Parallel routes to recovery: community priorities and NGO policy in the post civil war reconstruction of Sierra Leone
King, David C. (2005) Parallel routes to recovery: community priorities and NGO policy in the post civil war reconstruction of Sierra Leone. International Journal of Emergency Management, 2 (3). pp. 149-162.
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Developing countries experience a lack of resources, trained personnel and infrastructure that constrains their ability to cope with and recover from major disasters. Consequently they are reliant on support from external countries, but in particular the support of non-government development and relief organisations during the processes of response and recovery. Against this background of NGO (Non-Government Organisations) involvement, the NGOs themselves have been evolving through a process of adaptation to new responsibilities that challenge their capabilities, accountability and levels of involvement. The ten-year civil war in Sierra Leone resulted in enormous displacement of the population, issues relating to the problems of reintegrating child combatants and those who were maimed and traumatised in the war, and widespread destruction of housing, service facilities and infrastructure. While its economy had been in decline for more than a decade before 1990, the war dominated all sectors of the economy, reducing Sierra Leone to the status of one of the world's poorest countries. In the face of this devastation the government and the citizens are especially poorly resourced for the enormity of the reconstruction. Government policy was developed to encourage NGO to bring funds and personnel to the nation to work in partnership towards rebuilding the country's infrastructure and serving the needs of the people. The result has been a proliferation in the number of NGOs establishing themselves in the capital, Freetown, and in a piecemeal manner in the provinces. The variety and diversity of these organisations present difficulties and contradictions in the coordination of a policy of reconstruction and recovery. While NGOs provide recovery facilities for portions of the country, most of the citizens of Sierra Leone began independently reconstructing their own communities, within a preexisting traditional framework that was poorly integrated with the formal recovery programme.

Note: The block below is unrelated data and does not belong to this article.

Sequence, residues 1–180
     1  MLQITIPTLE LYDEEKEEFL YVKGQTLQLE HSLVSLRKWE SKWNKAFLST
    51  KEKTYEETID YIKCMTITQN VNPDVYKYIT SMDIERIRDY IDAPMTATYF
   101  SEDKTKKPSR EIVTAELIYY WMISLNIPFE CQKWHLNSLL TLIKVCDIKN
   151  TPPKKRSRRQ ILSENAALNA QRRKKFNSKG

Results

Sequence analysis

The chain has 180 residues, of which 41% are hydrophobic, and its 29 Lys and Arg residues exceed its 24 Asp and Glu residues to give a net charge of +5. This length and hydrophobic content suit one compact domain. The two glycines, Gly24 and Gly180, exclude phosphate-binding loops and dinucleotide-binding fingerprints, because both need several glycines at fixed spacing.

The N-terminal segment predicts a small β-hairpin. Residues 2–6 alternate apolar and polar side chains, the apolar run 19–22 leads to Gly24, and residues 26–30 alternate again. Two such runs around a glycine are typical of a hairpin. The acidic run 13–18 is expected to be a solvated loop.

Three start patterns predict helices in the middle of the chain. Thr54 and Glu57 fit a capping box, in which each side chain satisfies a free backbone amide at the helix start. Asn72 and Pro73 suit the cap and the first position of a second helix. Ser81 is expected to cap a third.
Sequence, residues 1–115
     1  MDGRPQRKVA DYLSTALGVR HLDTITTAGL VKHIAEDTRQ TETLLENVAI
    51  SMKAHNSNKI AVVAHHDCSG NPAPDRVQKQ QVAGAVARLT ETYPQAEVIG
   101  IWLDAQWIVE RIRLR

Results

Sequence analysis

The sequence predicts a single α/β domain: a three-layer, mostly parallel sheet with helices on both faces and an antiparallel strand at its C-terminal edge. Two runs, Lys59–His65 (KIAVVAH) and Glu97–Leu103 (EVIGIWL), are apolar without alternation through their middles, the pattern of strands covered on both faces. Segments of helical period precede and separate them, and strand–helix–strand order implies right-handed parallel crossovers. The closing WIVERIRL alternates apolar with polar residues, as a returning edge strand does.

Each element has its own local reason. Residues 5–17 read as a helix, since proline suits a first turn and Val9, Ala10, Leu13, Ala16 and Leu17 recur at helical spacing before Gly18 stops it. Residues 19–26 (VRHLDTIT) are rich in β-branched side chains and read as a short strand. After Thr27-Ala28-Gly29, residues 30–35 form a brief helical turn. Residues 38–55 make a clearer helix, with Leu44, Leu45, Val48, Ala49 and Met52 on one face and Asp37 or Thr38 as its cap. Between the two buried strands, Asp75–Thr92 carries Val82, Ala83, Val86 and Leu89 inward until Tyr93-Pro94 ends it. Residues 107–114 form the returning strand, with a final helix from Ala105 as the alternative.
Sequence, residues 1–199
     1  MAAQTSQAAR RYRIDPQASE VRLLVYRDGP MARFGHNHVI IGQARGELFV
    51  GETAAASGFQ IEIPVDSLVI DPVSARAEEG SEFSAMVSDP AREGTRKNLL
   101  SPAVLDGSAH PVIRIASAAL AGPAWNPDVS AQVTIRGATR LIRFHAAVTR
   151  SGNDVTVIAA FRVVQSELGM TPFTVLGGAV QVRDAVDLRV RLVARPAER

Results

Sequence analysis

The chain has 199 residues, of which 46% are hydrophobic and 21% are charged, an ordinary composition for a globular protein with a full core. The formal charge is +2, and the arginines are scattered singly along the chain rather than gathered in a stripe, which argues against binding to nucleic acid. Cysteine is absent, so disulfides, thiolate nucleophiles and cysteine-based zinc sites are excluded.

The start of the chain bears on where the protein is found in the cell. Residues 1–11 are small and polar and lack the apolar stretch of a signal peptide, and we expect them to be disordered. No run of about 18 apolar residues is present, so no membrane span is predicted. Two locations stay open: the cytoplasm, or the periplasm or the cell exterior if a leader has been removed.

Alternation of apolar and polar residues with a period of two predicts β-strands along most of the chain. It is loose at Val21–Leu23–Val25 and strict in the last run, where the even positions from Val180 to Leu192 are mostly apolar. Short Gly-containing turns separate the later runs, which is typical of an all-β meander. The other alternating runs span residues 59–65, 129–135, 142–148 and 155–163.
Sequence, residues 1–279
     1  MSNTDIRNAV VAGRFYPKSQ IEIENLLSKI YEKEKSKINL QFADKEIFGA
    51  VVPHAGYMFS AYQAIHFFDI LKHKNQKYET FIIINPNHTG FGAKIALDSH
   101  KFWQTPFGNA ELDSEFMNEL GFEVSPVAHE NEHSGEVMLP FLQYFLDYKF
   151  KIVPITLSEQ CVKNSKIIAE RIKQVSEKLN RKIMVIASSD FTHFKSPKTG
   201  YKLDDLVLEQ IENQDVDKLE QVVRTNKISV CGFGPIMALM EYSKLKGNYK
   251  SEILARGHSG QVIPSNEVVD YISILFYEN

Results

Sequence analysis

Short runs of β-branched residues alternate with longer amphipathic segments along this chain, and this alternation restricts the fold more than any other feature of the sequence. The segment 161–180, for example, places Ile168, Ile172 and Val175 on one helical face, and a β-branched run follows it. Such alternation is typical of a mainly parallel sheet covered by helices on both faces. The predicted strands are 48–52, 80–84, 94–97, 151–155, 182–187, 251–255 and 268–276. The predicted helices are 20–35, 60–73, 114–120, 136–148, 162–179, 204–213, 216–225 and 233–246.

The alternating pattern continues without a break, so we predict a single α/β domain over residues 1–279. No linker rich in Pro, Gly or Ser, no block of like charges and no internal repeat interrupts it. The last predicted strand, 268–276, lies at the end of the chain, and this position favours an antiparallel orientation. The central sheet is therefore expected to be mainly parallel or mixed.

|Item Type:||Article (Refereed Research - C1)|
|Keywords:||disasters; humanitarian aid; recovery|
|FoR Codes:||16 STUDIES IN HUMAN SOCIETY > 1606 Political Science > 160604 Defence Studies @ 50%|
16 STUDIES IN HUMAN SOCIETY > 1604 Human Geography > 160499 Human Geography not elsewhere classified @ 50%
|SEO Codes:||94 LAW, POLITICS AND COMMUNITY SERVICES > 9403 International Relations > 940302 International Aid and Development @ 100%|
|Deposited On:||30 Mar 2010 09:36|
|Last Modified:||12 Feb 2011 02:58|
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